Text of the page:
IDYLLWILD, Calif. - Artist Lewis Millett didn't need much more than an order to leave his longtime Idyllwild mountain home after seeing 100 foot flames marching toward the mile-high hamlet that draws tourists, summer campers and students to a year-round arts and music school.
Millet and his wife scooped up the precious things that matter most from their three-story Southern California home: their two cats, his paintings and sculptures and one of his family's prized heirlooms - his father's Congressional Medal of Honor.
Millet was among the 6,000 residents and tourists told to evacuate the community in the San Jacinto Mountains about 100 miles from Los Angeles as the wildfire grew to more than 35 square miles Thursday, wreathing a ridge about 2 to 3 miles from town, fire officials said. The blaze also was 2 miles away from Palm Springs, but no homes were threatened there.
It had already destroyed at least six houses and mobile homes and several cars when winds shifted Wednesday and sent the blaze toward Idyllwild.
"It's never been this bad, and it's never been this close," Millett, 61, said as he sat on a cot in an evacuation center in Hemet, a nearby community. "I have high anxiety."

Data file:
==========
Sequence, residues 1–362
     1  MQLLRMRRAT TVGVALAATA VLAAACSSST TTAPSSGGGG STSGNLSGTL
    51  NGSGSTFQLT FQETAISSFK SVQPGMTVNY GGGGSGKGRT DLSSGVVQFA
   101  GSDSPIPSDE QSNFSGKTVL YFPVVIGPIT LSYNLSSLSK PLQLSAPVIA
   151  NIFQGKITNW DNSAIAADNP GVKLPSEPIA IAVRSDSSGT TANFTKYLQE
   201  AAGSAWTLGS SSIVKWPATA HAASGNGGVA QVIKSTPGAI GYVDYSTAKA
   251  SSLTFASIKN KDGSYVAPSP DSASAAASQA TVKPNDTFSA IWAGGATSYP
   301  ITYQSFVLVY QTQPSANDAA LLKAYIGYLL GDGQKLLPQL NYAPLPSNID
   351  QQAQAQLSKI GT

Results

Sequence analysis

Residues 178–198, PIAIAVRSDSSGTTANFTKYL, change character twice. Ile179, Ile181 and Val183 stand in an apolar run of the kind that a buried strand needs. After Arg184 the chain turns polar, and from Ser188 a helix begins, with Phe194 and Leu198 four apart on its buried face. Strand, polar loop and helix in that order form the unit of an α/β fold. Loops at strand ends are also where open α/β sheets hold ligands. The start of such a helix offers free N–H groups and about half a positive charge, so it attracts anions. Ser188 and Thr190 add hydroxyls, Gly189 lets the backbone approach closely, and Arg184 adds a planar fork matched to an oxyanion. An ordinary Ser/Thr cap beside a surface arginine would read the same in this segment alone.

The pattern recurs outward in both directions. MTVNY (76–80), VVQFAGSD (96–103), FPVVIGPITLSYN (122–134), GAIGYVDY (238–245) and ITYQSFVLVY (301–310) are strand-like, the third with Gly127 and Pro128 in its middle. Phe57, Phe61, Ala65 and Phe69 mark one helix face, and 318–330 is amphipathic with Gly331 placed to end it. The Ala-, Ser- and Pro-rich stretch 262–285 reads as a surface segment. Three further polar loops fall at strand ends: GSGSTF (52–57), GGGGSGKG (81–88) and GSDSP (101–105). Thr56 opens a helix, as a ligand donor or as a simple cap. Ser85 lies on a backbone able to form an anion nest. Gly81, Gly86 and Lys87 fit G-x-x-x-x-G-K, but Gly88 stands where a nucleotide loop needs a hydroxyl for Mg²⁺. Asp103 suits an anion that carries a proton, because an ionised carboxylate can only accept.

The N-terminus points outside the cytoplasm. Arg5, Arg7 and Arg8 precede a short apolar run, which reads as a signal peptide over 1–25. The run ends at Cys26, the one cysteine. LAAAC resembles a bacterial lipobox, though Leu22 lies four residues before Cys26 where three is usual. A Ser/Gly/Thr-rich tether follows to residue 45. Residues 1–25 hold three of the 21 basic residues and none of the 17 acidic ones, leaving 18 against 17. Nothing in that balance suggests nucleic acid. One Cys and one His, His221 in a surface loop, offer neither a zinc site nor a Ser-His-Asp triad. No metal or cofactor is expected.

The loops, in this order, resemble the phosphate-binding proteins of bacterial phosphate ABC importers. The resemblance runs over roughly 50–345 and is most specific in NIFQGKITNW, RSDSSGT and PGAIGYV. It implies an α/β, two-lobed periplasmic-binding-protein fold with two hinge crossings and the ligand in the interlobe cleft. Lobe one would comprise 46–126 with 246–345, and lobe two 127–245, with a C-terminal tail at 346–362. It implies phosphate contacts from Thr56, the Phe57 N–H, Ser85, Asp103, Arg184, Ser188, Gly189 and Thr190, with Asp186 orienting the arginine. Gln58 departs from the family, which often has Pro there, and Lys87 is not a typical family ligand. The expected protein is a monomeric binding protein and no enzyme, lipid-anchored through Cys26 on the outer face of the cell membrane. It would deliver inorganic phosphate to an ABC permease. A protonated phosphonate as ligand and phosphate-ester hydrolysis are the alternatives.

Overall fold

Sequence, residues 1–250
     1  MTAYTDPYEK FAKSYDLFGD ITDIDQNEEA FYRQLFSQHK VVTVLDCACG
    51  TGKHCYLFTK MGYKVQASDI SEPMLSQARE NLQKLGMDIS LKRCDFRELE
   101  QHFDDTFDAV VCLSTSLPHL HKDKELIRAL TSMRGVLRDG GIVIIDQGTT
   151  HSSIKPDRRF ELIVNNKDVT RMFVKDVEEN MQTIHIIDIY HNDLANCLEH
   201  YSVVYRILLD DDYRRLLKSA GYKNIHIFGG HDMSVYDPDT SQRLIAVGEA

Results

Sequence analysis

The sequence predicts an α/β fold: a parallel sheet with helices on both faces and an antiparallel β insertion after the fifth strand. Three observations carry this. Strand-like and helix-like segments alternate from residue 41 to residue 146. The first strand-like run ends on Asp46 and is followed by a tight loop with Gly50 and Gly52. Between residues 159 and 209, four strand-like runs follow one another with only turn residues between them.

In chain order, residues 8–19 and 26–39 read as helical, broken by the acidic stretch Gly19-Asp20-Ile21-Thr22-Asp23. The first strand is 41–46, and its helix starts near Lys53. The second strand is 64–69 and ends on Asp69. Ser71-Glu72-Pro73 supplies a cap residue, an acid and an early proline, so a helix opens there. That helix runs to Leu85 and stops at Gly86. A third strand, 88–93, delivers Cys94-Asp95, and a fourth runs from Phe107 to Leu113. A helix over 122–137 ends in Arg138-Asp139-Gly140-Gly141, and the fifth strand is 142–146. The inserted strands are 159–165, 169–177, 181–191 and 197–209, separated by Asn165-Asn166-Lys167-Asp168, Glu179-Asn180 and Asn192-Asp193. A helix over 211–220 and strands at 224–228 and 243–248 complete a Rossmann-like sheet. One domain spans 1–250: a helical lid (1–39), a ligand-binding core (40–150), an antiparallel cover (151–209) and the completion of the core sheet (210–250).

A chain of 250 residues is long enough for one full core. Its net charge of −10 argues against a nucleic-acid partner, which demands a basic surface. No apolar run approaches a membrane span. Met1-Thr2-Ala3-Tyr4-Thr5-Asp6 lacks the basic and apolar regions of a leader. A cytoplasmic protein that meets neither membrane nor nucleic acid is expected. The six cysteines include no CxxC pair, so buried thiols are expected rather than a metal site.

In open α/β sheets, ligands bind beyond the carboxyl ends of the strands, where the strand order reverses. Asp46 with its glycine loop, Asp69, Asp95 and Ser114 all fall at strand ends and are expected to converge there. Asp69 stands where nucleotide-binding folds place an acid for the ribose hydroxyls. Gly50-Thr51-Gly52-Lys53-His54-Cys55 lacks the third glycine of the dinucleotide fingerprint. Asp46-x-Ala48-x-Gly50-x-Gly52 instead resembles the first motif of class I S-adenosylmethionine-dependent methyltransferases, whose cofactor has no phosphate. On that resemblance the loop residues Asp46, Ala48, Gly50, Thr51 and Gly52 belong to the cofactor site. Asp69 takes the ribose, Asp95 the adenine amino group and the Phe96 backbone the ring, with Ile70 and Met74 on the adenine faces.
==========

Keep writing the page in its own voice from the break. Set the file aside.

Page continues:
Fire officials said the blaze was just 15 percent contained and had been growing in an atypical manner.
"Usually it cools down at night and we get more humidity. That hasn't happened," said Tina Rose, a spokeswoman for the California Department of Forestry and Fire Protection. "It's been burning like it's daytime for 72 hours in a row."
Officials worried about continuing spikes in heat and the huge plume that hovered over the area.
"What we're concerned about is what you see right here," said U.S Forest Service Fire Chief Jeanne Pincha-Tulley, pointing to a hazy sky. "When you get a column that puts out this much smoke, embers get into the column and can drop anywhere."
She added the column was expected to go right over Idyllwild for the next two days. While authorities said only 5 percent of the town rebuffed evacuating, they cautioned they might not be able to help those who remain if conditions worsen.
"We cannot guarantee your safety if the fire runs into town," said Idyllwild Fire Protection District Chief Patrick Reitz.
But given the tough conditions and terrain, Forest Service spokesman John Miller said firefighters had made "great progress" by late Thursday night, and evacuations were called off for a few dozen homes in two small communities.
The 22,800-acre fire spread in three directions through thick brush and trees. Roughly 4,000 houses, condos, cabins and several hotels in Idyllwild and surrounding communities were threatened. Fire crews struggled to carve fire lines around the town to block the towering flames.
Authorities said the fire was "human-caused" but they wouldn't say whether it was accidental or intentional. There have been no reports of any injuries.